Colum Eastwood is the Leader of the SDLP
There are times when silence is golden and there are times when it is anything but. For weeks now the Stormont talks have operated under a cloud of secrecy feeding the frustration of everyone. There are only so many press releases that the NIO can put out which talk about ‘some progress’ or ‘significant gaps’.
There are only so many press conferences that can be staged with everyone saying the same thing.
Every TV and radio report on the talks could be played, rewound and played over – the public are being drip-fed the same, limited information over and over again. The reason for that is simple. The senior teams of the two big parties are locked away in a room and are saying nothing –not even to their own people. Everyone else – politicians, media and the public are locked outside.
Too often that silence is lauded as discipline and loyalty rather than being called out for what it really is – a deliberate lack of transparency. After 9 long months of talks, that secrecy only acts to serve the interest of the internal cohesion of their parties and does nothing to serve the interest of the greater public. In the SDLP, we published our positions on the talks weeks ago. Those positions weren’t solely on cultural issues but covered the whole scope of what government is supposed to be about.
Our main focus of the negotiation is trying to get a Programme for Government which includes provisions for increased childcare support, city deals, tackling poverty and regional economic disparity, an expansion in home building and an increase in funding and places for higher education. It is telling that neither the DUP or Sinn Féin have shown any real interest in those issues. It’s hard to talk to people who don’t want to talk back.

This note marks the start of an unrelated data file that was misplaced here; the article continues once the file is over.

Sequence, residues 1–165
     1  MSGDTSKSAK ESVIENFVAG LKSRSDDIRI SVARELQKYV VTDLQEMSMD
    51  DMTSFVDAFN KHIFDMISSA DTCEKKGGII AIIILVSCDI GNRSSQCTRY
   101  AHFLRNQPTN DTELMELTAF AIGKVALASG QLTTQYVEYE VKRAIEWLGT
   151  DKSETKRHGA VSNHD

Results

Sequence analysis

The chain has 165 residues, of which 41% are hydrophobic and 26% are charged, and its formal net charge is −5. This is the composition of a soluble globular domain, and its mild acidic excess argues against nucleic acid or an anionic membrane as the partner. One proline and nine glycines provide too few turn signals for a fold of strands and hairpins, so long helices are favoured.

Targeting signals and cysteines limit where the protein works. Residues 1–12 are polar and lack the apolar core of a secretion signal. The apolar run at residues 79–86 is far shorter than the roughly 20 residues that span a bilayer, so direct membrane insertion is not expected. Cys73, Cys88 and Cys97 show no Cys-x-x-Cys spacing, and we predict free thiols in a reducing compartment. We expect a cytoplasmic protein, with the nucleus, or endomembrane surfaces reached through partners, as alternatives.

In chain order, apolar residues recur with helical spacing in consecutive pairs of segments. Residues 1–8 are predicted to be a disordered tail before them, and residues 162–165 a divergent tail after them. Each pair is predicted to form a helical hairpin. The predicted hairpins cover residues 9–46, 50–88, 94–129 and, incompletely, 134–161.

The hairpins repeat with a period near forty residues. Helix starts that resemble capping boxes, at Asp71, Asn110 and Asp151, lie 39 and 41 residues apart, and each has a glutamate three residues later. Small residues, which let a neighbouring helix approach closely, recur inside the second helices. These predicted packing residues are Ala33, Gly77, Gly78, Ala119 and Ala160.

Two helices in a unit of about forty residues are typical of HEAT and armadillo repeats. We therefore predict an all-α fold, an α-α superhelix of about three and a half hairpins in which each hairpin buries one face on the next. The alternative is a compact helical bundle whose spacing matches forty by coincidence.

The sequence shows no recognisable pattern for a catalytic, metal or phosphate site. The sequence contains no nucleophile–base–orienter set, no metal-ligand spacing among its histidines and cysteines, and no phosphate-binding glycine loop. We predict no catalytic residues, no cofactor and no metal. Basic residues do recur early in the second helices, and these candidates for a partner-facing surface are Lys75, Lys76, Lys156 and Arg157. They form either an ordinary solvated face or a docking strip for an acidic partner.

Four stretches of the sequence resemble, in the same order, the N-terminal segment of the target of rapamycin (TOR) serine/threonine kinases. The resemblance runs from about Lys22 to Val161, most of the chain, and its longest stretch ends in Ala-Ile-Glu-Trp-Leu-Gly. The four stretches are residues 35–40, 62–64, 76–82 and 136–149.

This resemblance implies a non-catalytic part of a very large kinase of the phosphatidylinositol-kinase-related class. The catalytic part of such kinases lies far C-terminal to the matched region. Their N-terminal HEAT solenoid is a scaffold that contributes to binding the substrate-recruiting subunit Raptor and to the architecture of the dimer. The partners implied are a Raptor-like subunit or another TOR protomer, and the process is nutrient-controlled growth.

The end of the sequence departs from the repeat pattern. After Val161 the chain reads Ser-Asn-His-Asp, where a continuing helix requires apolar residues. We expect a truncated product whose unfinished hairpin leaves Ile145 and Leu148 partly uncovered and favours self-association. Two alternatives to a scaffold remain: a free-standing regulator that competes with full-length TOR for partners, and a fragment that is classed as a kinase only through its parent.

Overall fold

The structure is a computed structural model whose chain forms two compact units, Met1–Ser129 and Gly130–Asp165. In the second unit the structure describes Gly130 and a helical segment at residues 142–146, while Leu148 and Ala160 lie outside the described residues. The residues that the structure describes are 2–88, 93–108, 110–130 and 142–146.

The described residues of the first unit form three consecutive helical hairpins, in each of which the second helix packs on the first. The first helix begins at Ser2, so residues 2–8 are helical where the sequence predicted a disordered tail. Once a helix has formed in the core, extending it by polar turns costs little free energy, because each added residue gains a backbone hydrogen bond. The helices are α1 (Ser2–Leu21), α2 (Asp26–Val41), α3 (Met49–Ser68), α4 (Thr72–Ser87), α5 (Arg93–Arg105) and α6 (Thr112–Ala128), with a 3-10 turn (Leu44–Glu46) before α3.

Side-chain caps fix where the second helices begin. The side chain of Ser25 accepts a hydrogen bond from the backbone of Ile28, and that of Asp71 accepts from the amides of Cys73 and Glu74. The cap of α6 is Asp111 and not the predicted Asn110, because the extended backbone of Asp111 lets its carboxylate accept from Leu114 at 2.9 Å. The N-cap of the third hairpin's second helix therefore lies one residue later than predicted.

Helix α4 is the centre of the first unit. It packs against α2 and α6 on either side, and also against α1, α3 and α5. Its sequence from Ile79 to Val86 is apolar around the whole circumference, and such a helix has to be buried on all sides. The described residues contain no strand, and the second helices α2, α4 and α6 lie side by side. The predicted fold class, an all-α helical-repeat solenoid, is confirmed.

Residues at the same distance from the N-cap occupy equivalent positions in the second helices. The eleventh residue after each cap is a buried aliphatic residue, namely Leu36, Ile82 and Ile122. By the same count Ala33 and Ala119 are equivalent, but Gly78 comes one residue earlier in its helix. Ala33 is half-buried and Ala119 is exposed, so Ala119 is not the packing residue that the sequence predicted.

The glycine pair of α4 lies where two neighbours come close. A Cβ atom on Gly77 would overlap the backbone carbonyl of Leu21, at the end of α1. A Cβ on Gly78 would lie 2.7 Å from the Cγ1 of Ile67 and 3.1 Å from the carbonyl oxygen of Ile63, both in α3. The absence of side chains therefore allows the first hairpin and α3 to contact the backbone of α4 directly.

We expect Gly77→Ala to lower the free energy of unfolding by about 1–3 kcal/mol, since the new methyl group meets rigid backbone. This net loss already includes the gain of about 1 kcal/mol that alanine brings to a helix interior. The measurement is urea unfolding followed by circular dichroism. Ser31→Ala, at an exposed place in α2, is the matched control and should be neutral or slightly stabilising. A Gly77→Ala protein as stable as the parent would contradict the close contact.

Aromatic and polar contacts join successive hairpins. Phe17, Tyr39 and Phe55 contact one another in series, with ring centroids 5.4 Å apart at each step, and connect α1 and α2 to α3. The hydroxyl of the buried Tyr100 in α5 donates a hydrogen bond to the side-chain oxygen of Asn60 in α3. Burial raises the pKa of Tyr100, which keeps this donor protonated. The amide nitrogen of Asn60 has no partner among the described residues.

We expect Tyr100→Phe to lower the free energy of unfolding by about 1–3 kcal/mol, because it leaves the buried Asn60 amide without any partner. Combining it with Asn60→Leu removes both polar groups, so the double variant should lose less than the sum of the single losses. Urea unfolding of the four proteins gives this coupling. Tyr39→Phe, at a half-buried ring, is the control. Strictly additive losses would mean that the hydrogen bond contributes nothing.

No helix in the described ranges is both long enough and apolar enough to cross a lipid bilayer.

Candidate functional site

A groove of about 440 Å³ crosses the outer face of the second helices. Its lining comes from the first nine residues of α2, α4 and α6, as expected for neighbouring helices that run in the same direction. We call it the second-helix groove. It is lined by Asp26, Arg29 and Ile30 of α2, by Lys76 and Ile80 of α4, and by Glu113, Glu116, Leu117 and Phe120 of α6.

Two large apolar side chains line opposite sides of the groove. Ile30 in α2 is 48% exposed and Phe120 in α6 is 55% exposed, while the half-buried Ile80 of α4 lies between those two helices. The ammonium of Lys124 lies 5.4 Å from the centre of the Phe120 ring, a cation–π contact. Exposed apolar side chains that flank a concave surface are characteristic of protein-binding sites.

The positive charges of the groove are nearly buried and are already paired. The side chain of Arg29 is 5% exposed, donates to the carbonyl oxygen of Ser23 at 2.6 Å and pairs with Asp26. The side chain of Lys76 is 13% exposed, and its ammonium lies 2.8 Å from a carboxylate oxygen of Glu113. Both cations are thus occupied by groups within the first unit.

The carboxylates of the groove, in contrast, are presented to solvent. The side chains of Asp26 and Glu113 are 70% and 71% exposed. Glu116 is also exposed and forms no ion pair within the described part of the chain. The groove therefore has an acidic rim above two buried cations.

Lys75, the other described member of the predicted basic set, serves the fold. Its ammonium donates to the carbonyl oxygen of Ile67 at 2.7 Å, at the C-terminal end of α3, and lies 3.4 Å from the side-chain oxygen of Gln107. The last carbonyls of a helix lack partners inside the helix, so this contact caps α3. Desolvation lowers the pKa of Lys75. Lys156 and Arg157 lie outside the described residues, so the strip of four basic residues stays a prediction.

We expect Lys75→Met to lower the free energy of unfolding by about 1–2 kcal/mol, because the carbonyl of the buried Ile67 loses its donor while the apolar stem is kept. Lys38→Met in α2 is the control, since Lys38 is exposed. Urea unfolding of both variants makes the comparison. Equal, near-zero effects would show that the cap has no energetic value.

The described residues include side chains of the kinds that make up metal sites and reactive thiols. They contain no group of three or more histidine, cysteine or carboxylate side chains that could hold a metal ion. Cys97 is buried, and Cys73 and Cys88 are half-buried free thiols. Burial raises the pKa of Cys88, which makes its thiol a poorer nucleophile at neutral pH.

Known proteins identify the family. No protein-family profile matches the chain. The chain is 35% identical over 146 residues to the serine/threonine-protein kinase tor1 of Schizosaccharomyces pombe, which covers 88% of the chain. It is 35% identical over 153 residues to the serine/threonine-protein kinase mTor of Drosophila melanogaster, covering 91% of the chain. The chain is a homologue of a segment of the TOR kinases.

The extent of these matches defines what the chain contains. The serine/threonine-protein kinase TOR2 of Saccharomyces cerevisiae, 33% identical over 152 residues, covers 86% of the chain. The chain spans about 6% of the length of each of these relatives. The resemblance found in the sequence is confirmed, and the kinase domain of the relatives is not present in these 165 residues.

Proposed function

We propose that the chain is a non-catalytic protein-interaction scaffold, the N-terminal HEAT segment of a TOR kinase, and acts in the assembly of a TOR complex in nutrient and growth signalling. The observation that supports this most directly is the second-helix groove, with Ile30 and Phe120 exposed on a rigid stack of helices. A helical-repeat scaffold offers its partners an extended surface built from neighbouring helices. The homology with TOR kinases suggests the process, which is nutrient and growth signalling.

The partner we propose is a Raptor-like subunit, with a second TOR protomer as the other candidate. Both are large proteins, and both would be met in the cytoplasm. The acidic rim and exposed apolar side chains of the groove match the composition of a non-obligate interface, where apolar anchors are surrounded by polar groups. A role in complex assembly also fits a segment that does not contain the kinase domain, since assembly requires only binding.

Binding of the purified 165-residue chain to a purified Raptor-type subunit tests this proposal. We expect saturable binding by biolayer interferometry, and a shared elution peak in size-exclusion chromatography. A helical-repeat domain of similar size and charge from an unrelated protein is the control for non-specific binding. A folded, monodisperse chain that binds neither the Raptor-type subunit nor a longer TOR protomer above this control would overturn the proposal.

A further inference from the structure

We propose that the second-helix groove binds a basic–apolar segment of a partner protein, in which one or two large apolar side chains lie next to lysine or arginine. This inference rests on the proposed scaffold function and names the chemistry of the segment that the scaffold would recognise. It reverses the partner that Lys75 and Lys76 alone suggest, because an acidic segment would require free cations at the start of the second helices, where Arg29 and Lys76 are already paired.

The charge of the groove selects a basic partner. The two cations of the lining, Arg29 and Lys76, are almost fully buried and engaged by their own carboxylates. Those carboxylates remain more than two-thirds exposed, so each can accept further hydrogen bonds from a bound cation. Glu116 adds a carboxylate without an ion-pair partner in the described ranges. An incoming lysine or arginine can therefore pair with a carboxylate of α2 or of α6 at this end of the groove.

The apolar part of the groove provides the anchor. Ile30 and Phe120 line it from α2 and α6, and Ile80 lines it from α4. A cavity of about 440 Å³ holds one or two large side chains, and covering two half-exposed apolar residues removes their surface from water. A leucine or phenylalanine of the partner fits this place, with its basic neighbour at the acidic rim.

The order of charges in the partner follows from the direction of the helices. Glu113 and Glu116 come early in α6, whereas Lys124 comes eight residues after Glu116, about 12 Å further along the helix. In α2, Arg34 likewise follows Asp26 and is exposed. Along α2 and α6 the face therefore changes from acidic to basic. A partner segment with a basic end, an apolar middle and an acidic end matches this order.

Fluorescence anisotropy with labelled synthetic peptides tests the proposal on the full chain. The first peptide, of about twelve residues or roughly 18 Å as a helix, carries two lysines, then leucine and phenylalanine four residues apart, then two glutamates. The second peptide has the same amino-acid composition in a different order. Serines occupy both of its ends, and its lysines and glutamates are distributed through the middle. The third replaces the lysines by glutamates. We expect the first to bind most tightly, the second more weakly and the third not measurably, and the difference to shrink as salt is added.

After 10 years of a government which largely failed to have any significant impact on the economic and social landscape of the North – that’s the status quo the SDLP are determined to replace.
Having published the SDLP positions, last week I challenged both the DUP and Sinn Féin to publish their papers and any progress that we’re told they’ve made.
Let’s see what substance the DUP has agreed to in terms of the Irish language, let’s see what progress has been made on legacy, let’s see if there has been any movement on the reform of the petition of concern which would finally allow the introduction of equal marriage.
The people bearing the brunt of the crises in our health service and in our schools deserve to know why they are paying the price of the failure to form a government.
Publish the papers and let us all judge who is the biggest block to the return of devolution.
Of course there is a reason they don’t want that information to get out. If no deal is done, they can each walk away and they can each blame each other – with no one any the wiser on who moved and who didn’t. And all the while they’re let away with it, northern politics remains locked in a cycle of negotiating through the layers of language rather than through the detail of policy.
So as we enter into the end of this negotiation, both big parties must now be collectively pressured to publish the deal that is or publish the deal that wasn’t. Either way, we have had enough of the DUP and Sinn Féin’s golden circle of silence.
That silence has led us to one place – Sinn Féin and the DUP are within hours of buying us all first class tickets to Direct Rule and we’ll all end up being governed as second-class citizens.
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Living History 1968-74
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